The Holocaust An interactive learning experience Click the button to proceed
Directions • Buttons are located to guide you through the program This button will take you to the NEXT page This button will take you to the PREVIOUS page This button will take you to the HOME page This button will take you to THIS page This button allows you to EXIT the program
Objectives After completing this program you should be able to: • Identify events that occurred during the Holocaust • Identify the people affected in the Holocaust • Recognize the locations and names of concentration camps Also you will complete a short quiz testing your knowledge on those things.
Why Is This Important To Learn? • Genocides, like the Holocaust, occur more often than we think. By being informed of events in the past we can try to stop them from occurring in the future.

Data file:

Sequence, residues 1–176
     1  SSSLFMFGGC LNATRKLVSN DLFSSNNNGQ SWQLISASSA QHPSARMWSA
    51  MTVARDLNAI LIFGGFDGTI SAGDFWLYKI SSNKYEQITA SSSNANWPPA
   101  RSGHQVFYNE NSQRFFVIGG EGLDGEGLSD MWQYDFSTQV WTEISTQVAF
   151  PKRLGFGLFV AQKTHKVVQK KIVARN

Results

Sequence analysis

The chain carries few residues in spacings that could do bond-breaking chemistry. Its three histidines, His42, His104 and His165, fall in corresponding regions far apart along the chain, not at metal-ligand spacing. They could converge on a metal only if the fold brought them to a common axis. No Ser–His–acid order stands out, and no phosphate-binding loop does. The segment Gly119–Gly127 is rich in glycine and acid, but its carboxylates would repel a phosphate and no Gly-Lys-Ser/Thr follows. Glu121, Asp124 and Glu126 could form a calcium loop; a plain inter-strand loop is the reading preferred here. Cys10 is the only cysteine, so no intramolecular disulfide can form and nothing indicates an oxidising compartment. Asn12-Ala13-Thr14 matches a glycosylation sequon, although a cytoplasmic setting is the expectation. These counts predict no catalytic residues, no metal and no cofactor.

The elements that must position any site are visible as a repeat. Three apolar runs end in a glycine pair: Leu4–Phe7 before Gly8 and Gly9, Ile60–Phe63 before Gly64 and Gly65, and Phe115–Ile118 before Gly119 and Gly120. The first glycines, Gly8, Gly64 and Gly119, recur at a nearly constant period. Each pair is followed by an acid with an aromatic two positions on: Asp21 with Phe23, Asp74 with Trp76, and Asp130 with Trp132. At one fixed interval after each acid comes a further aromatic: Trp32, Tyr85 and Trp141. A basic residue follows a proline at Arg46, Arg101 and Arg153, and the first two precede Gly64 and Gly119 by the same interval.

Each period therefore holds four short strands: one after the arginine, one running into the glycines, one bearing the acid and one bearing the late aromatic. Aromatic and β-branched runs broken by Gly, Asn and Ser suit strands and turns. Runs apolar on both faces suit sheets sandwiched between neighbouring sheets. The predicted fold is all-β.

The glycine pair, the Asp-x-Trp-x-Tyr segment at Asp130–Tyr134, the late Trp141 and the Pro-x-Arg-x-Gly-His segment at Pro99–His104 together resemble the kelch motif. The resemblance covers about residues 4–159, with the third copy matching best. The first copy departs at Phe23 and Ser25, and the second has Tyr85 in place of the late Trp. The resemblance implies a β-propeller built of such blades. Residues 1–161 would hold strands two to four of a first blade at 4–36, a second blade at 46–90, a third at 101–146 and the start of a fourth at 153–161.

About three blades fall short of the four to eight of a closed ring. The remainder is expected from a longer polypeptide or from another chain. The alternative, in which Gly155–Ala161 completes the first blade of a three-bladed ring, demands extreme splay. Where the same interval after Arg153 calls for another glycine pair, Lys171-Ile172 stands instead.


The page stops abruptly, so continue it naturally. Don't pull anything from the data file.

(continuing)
Home Page Definitions Statistics Timeline of Events Reflection Who Was Targeted Photos Concentration Camps Quiz Exit Program
Definitions • Genocide: The deliberate and systematic extermination of a national, racial, political, or cultural group. • Holocaust: The systematic mass slaughter of European Jews in Nazi concentration camps during World War II. • A great or complete devastation or destruction, especially by fire
Timeline of Events Click on the year for more information • 1933 • 1934 • 1935 • 1936 • 1937 • 1938 • 1939 • 1940 • 1941 • 1942 • 1943 • 1944 • 1945
Timeline 1933 - Dachau concentration camp opens near Munich - Buchenwald opens in central Germany -Sachsenhausen opens near Berlin - Ravensbrück for women opens - Nazis boycott Jewish opened shops and businesses - “Aryan” and “Non-Aryan” defined, Jewish are “Non-Aryan” -Restrictions are placed on Jews (E.g. prohibited to own land, prohibited to be newspaper editors, excluded from the Arts) Timeline Homepage